On Jan. 28, a New Jersey federal judge dismissed an attempt at a class action lawsuit against Jos. A. Bank that charged the clothing retailer’s constant sales were “misleading to customers.”
The lawsuit, filed April 5 by plaintiffs James Waldron and Matthew Villani, alleged that Jos. A. Bank misled customers by putting its merchandise “perpetually ‘on sale.’” It claimed the company’s advertising practices violated the New Jersey Consumer Fraud Act and constituted unjust enrichment.
But Judge Dennis M. Cavanaugh ruled that to be seen as consumer fraud, a retailer’s practices must “stand outside the norm of reasonable business practices.” And constant sales, he said, didn’t fit that bill.
“Plaintiffs yet have not provided any facts which demonstrate that the ‘sale’ price offered is identical to the true regular price of the merchandise and thus a misrepresentation,” the judge wrote.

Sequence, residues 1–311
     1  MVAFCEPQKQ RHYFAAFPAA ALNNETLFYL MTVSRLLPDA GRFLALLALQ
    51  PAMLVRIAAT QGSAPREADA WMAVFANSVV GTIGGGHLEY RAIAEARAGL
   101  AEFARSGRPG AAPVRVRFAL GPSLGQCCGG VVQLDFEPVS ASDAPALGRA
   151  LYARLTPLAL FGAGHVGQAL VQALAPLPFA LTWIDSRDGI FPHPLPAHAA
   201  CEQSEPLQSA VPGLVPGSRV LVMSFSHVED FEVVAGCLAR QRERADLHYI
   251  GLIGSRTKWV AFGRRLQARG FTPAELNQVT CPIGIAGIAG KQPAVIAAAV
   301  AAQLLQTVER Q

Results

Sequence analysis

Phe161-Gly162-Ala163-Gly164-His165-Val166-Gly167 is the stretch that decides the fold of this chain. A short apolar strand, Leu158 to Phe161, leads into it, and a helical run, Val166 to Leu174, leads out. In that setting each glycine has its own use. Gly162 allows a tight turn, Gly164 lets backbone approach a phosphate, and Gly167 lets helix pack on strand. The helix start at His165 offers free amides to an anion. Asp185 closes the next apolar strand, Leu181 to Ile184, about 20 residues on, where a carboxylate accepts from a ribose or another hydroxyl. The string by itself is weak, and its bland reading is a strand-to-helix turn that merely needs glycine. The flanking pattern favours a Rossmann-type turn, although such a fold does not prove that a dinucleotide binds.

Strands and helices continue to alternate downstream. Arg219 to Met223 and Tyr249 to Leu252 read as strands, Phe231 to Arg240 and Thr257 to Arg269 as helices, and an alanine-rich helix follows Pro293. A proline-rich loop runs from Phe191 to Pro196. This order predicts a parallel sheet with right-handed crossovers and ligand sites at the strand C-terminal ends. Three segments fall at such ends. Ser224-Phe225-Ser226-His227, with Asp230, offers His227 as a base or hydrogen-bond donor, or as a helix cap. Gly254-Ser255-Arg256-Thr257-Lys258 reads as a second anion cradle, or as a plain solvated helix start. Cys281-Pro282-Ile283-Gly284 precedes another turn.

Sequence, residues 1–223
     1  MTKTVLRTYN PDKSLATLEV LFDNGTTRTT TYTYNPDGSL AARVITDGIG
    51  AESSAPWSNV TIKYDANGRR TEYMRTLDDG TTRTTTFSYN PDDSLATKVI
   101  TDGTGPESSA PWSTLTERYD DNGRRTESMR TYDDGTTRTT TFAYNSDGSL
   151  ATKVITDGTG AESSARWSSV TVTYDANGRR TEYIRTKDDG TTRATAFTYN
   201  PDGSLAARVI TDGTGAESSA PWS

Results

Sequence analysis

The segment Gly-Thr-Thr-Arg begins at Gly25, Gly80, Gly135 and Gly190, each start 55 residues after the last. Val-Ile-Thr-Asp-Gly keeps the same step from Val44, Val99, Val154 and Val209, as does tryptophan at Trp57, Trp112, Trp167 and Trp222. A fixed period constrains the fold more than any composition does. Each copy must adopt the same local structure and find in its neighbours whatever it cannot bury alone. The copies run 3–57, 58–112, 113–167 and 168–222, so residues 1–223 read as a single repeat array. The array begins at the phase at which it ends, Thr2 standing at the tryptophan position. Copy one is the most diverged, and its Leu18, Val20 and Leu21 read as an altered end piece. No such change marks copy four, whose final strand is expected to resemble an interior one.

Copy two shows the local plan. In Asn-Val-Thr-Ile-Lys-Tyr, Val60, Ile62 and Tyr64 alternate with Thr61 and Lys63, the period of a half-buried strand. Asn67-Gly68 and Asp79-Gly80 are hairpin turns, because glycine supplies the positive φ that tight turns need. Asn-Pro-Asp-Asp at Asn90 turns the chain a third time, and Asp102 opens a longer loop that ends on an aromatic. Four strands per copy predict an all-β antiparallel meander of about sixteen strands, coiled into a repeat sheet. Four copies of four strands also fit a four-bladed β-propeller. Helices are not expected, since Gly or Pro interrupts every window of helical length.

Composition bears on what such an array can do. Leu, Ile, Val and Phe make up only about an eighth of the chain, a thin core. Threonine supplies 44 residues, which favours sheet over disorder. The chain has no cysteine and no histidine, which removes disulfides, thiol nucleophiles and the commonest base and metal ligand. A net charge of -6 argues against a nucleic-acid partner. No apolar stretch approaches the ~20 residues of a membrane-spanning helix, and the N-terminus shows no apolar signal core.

He further argued that the plaintiffs have not necessarily suffered an injury as a result of the retailer’s sales, as the product was not “defective” and that they got what they were promised. “Nor do Plaintiffs allege that they were dissatisfied with the product, demanded a refund, or had their refund refused,” he added.
The lawsuit was dismissed with prejudice. Plaintiff lawyers could not be reached for comment at press time.